Publisher: Walker Books
Pages: 270 (Paperback)
Format: Illustrated Novel
Here, reader, is the tale of a tiny sickly mouse with unusually large ears; a mouse who takes his fate into his own hands.
It is the tale of a beautiful, flaxen-haired princess, who laughs often and makes everything around her seem brighter.
It is the tale of a poor deaf serving girl, who entertains foolish dreams of splendour.
It is a tale of impossible love, of bravery and old fashioned courage.
And, reader, it is a tale of treachery; unlimited treachery.
It is the Tale of Despereaux…
I picked this book up firstly because it was on one of my book-group’s reading challenge for this month but also because of some rather distressing family events that made me want to take a break from ‘serious reading’ and indulge in something a bit more easy and light-going. Unfortunately that’s about all I can say for this book. It’s not bad and I don’t dislike it but neither can I in all honesty state that I enjoyed it. The problem, for me, was one of tone. It could have been a charming little two-dimensional little fairytale but it tried so damn hard to be three-dimensional that what charm there was evaporated and left it an awkward misshapen little story that was neither simplistic enough to be charming thing nor developed enough to be interesting.
Putting aside the odd bits of quirky humour that didn’t gel with the style of the rest of the book (such as the king banning soup and outlawing rats) the main problem was the characters. Each of the main players – Despereaux, Chiaroscuro the rat, and Miggery Sow the servant – are introduced in a multi-chapter ‘book’ that outlines their past and how they got to the place they are now in the main storyline. It’s an interesting method and one I quite liked initially but ultimately, once the final ‘present-day’ storyline concluded, it just ended up annoying me. The main storyline was such a straightforward little fairytale and the characters in it played such absolutely stock parts that all the build up felt completely unnecessary and actually almost smug. Instead of subverting fairytale tropes it fulfilled them to the letter all the while shaking its head and going ‘no no no, these are three-dimensional characters, see, they have backstories and everything!’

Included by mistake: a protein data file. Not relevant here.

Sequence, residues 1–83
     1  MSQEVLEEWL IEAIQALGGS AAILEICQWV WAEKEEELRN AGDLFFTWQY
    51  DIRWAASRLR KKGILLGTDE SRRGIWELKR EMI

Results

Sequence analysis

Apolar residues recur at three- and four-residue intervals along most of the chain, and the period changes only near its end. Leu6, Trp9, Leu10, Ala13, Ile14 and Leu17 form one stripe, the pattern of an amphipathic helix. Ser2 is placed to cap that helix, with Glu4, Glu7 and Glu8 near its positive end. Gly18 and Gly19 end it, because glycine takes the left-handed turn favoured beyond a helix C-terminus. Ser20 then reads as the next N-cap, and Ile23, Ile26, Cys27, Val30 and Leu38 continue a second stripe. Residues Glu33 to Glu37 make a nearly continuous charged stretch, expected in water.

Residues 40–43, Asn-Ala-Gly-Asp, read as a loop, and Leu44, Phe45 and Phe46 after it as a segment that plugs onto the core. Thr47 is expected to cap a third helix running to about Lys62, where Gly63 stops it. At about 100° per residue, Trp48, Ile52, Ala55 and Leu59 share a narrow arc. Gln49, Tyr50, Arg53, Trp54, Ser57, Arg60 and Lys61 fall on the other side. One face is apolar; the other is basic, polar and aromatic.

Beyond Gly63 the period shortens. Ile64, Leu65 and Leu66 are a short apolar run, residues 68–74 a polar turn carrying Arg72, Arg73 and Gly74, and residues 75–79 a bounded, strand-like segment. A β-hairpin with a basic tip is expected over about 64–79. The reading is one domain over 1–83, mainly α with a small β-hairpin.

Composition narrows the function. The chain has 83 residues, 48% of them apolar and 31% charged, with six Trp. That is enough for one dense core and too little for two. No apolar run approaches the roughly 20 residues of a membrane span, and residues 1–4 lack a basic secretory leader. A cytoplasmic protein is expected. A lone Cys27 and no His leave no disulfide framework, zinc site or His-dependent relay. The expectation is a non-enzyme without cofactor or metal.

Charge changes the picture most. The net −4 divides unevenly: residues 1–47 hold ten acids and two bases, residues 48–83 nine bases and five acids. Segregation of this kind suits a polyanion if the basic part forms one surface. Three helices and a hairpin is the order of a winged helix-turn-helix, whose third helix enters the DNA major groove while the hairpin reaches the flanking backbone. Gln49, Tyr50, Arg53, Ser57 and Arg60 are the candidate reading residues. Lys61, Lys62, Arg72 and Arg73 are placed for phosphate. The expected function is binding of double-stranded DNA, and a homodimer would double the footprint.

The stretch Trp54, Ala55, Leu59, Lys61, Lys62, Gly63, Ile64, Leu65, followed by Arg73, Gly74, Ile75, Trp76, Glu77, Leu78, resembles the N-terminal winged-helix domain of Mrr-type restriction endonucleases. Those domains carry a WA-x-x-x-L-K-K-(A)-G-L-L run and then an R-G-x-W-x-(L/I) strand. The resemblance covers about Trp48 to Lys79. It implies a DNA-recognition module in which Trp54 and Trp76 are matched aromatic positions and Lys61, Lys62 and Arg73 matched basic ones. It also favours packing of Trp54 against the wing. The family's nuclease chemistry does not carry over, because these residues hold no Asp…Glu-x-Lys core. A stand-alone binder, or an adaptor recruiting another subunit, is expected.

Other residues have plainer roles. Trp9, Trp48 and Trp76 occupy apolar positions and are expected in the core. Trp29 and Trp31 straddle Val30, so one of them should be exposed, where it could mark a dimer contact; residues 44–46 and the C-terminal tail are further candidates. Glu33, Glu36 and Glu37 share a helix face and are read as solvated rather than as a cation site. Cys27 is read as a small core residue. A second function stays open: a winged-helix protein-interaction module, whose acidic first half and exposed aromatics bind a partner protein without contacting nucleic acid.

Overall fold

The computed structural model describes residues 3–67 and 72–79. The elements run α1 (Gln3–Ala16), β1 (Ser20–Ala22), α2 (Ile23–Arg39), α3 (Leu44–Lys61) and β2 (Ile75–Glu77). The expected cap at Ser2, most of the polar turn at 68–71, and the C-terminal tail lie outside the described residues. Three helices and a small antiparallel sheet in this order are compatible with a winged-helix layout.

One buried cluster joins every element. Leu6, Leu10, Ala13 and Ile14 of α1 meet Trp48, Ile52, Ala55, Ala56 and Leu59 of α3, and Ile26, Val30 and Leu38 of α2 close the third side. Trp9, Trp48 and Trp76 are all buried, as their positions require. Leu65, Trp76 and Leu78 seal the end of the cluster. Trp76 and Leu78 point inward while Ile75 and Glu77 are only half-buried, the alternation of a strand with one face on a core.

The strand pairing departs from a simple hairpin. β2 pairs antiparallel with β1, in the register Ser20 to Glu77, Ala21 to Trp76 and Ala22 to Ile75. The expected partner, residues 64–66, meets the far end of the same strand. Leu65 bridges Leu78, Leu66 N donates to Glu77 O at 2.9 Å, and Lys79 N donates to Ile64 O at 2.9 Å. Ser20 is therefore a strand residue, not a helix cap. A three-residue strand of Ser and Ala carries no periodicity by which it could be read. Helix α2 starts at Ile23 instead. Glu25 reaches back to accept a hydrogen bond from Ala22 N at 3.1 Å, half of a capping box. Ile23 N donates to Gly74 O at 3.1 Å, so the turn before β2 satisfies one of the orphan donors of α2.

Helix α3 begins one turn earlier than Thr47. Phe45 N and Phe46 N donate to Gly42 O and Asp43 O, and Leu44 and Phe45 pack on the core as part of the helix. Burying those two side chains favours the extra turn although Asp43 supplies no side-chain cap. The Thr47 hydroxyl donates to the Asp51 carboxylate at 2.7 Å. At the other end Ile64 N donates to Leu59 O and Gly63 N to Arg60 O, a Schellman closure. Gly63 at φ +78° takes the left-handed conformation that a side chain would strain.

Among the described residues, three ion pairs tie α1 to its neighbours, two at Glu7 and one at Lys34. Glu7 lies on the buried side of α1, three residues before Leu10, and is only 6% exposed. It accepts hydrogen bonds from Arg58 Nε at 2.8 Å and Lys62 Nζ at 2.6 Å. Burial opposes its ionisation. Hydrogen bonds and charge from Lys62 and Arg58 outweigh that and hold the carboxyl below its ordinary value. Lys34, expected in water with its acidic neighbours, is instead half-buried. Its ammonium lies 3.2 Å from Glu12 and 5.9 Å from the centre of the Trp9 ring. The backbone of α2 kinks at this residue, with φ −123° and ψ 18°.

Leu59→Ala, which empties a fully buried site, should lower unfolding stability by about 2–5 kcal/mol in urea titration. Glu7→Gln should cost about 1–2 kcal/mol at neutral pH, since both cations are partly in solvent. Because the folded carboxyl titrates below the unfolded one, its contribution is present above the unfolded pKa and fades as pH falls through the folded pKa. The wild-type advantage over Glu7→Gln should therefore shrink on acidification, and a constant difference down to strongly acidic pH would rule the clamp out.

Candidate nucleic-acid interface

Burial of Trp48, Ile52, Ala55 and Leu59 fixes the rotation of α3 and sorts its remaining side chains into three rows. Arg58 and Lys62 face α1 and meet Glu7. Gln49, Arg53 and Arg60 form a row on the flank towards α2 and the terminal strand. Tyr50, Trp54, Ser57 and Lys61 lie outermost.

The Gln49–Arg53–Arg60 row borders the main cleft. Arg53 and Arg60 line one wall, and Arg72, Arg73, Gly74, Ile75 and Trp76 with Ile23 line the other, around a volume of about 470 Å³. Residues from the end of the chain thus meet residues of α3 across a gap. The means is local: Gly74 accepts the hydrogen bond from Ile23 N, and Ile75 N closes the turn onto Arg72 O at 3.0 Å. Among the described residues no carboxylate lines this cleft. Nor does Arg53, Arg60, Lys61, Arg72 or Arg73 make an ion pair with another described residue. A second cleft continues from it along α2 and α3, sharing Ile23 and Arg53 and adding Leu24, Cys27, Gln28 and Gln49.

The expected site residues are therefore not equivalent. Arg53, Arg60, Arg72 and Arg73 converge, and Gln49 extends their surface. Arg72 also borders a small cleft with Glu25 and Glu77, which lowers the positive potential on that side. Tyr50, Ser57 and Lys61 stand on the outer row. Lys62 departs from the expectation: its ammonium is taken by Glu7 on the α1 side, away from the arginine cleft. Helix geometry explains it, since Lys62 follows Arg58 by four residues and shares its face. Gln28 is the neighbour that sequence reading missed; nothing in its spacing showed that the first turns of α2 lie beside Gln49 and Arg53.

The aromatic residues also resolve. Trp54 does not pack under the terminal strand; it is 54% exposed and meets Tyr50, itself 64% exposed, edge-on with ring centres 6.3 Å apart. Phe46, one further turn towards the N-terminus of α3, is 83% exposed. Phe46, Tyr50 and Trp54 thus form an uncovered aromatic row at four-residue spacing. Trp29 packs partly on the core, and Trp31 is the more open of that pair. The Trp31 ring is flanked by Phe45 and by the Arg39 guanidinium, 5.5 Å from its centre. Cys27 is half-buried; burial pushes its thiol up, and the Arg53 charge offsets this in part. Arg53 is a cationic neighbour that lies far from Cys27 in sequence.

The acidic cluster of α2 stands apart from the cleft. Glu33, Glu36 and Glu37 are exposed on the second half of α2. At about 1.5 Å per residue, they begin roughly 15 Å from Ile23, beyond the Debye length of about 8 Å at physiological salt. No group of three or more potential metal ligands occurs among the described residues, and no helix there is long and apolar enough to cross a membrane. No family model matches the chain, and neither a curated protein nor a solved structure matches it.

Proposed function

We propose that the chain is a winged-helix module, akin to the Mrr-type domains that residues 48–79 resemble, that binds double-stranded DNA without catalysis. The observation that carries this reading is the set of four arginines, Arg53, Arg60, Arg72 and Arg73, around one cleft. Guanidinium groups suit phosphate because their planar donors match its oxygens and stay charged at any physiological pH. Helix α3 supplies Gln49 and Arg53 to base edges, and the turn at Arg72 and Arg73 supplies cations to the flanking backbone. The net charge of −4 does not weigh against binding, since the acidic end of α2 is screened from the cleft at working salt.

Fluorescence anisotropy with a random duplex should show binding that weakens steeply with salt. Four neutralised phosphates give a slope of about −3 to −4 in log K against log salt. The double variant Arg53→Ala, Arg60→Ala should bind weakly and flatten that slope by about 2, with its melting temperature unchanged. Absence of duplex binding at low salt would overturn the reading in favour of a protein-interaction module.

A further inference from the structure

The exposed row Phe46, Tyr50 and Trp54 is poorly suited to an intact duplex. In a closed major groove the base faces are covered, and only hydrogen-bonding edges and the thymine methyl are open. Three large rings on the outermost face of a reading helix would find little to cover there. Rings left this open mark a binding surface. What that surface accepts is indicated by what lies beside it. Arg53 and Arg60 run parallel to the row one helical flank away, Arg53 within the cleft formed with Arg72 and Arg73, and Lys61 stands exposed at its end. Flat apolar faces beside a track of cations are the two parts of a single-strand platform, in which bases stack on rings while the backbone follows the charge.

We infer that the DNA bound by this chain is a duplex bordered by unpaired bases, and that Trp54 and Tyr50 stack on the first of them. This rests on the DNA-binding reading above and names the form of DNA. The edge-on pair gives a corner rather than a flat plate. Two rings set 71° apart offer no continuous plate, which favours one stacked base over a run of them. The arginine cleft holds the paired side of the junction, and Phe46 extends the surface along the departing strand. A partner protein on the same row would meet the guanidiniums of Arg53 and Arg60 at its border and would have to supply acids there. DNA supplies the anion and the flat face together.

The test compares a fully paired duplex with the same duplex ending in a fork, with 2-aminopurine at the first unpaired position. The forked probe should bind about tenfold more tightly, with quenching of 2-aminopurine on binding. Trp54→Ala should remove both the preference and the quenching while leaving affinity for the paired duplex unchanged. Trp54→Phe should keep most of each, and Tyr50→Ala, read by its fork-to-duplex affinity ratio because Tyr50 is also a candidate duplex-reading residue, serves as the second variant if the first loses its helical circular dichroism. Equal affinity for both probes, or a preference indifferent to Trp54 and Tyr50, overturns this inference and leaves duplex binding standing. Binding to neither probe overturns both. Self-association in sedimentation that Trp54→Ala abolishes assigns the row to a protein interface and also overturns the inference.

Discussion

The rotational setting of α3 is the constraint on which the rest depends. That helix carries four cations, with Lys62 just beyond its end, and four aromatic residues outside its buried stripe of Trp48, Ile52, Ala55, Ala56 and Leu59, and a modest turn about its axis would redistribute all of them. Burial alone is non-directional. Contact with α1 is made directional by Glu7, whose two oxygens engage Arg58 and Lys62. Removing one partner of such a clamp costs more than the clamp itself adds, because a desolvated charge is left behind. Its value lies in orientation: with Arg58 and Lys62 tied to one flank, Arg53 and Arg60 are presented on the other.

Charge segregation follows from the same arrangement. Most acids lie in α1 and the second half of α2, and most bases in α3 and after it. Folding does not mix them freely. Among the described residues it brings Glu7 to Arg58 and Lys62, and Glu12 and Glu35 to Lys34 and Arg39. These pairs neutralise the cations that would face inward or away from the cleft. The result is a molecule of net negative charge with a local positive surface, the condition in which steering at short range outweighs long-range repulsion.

Did we need to know about Chiaroscuro’s past if all he was going to do was fulfil the ‘all rats are evil’ cliché? Did it matter that Miggery Sow had a sympathetic backstory if in the main storyline she’s portrayed as fat, ugly, deaf, and jealous and has to be saved from her own stupidity by the beautiful princess? Despite the time taken on them they still felt two-dimensional and the backstories didn’t make them more interesting characters, it just gave the author more pages in which to moralise and pontificate – which she did, at great length. Everything is so easily solved with a one sentence pronouncement by the princess that basically amounts to ‘lets all be friends’ that it made the 264 page build up seem like a waste of time and effort. And Despereaux…oh Despereaux…what did the sickly mouse with the big ears actually do? Not very much.
As I said to begin with though; it’s not bad. There is plenty there to like, even if it didn’t work for me, and I can see the right sort of child absolutely loving it. The greyscale illustrations are pretty nice too (so long as they’re of rats and mice rather than people anyway). But…as an adult, I think the dreaded words ‘I’m not angry, I’m just disappointed’ sum up my feelings best.